Pale Flower

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Pale Flower
Directed byMasahiro Shinoda
Written byMasaru Baba
Masahiro Shinoda
Story byShintaro Ishihara
StarringRyo Ikebe
Mariko Kaga
Takashi Fujiki
Chisako Hara
Music byToru Takemitsu
CinematographyMasao Kosugi
Distributed byShochiku
Release date
  • 1964 (1964)
Running time
96 minutes
CountryJapan
LanguageJapanese

Pale Flower (乾いた花, Kawaita hana) is a 1964 Japanese film noir directed by Masahiro Shinoda. The film is about Muraki (Ryo Ikebe) a Yakuza hitman just released from prison. At an illegal gambling parlor, he finds himself drawn to a mysterious young woman named Saeko (Mariko Kaga). Though Saeko loses large sums of money, she asks Muraki to find games with larger and larger stakes. The two become involved in an intense mutually destructive relationship.[1] Film critic Roger Ebert gave Pale Flower four stars and put it on his list of Great Movies.[2]

Plot[edit]

Muraki, a hardboiled Yakuza gangster, has just been released from prison after serving a sentence for murder. Revisiting his old gambling haunts, he meets Saeko, a striking young upper-class woman who is out seeking thrills, and whose presence adds spice to the staid masculine underworld rituals. Muraki becomes her mentor while simultaneously coping with the shifts of power that have affected the gangs while he was interred. When he notices a rogue, drug-addicted young punk hanging around the gambling dens, he realizes that Saeko’s insatiable lust for intense pleasures may be leading her to self-destruction.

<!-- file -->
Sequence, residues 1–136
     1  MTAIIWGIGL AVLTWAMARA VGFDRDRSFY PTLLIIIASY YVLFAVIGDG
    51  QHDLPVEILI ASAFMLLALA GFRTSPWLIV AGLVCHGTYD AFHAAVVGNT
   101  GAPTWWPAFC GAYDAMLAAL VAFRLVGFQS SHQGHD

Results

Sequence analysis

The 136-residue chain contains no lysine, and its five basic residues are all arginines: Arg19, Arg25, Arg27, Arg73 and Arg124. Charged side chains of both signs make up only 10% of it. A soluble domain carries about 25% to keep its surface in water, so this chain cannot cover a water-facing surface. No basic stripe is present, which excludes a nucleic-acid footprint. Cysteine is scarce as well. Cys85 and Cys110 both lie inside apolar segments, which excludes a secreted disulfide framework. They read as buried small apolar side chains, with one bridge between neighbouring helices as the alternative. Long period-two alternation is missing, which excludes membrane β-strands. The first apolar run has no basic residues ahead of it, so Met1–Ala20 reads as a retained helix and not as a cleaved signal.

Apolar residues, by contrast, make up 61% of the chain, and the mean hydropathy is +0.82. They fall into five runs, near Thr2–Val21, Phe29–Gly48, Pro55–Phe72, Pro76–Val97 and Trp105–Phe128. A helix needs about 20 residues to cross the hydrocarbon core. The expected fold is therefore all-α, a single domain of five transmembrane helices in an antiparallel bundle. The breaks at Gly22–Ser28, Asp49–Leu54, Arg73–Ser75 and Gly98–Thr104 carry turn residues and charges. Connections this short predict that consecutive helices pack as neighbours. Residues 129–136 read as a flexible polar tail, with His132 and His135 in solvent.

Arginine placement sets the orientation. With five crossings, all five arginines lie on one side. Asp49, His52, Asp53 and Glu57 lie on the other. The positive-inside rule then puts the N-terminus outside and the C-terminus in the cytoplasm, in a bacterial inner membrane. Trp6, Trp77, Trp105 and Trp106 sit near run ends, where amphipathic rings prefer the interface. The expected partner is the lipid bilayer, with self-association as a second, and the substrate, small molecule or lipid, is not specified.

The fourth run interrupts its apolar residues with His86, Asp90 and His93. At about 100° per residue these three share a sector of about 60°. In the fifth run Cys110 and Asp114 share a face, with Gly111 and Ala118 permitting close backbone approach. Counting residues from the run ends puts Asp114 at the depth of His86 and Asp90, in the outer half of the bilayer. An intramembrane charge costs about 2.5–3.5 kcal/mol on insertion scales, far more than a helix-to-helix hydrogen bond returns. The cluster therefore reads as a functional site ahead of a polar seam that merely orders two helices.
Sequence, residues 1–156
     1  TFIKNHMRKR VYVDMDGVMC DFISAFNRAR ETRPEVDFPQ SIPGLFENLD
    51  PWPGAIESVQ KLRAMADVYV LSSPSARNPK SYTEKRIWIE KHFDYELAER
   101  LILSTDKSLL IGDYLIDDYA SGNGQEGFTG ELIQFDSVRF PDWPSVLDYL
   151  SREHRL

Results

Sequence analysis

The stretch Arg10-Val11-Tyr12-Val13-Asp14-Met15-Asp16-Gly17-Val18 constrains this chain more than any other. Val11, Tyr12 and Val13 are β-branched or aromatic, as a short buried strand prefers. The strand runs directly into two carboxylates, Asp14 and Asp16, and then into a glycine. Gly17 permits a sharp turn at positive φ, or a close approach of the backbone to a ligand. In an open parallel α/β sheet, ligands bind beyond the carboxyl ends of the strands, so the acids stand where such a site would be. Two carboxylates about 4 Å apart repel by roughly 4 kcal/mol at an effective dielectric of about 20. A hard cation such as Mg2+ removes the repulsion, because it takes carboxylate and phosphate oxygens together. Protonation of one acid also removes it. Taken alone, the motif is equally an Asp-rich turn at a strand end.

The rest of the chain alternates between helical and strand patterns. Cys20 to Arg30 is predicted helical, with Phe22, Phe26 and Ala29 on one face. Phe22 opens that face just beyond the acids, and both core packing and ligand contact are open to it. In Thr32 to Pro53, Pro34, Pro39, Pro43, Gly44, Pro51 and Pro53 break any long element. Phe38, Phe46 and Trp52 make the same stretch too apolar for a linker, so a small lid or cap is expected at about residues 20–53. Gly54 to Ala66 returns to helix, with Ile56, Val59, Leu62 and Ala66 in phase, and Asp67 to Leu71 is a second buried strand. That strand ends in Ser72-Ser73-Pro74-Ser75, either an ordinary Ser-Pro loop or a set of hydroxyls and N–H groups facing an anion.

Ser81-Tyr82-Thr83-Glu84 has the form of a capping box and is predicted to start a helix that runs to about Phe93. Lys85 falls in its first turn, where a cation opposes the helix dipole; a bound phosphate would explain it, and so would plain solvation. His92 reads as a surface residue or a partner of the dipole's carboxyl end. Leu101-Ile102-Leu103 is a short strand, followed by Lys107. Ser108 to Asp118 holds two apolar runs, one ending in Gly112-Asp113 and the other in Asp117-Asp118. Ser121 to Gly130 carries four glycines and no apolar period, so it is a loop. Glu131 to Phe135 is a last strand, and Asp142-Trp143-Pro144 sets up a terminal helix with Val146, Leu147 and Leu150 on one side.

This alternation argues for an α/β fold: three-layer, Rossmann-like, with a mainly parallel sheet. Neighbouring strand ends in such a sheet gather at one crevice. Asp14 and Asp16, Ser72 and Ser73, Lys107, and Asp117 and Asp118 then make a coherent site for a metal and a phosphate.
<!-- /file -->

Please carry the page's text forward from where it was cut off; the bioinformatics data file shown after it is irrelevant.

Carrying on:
Production[edit]

Director Shinoda was influenced by Charles Baudelaire's Les Fleurs du mal while making the film.[3] Shinoda chose the subject of yakuza as he felt the yakuza world is the only place where a Japanese ceremonial structure is sustained.[4]

Release[edit]

When screenwriter Masaru Baba saw Shinoda's film focus on visual and sound, he complained to the managers at the company Shochiku. This led to a nine-month delay of the film's release.[4]

Home video[edit]

Homevision released a Region 1 DVD of Pale Flower on November 18, 2003.[5] The Criterion Collection have released a new DVD and Blu-ray edition of the film that features a new video interview with Masahiro Shinoda and selected-scene audio commentary by film scholar Peter Grilli .[6]

Notes[edit]

  1. ^ Crow, Jonathan. "Pale Flower: Overview - Allmovie". Allmovie. Retrieved February 14, 2011.
  2. ^ Ebert, Roger. "Pale Flower Movie Review". RogerEbert. Retrieved June 23, 2017.
  3. ^ Stephens, Chuck (May 17, 2011). "Pale Flower: Loser Take All". Criterion Collection. Retrieved August 28, 2011.
  4. ^ a b Schrader, 2005. p.205
  5. ^ Deming, Mark. "Pale Flower: Overview: Allmovie". Allmovie. Retrieved February 14, 2011.
  6. ^ "Pale Flower (1964) - The Criterion Collection". Criterion Collection. Retrieved February 14, 2011.

References[edit]

External links[edit]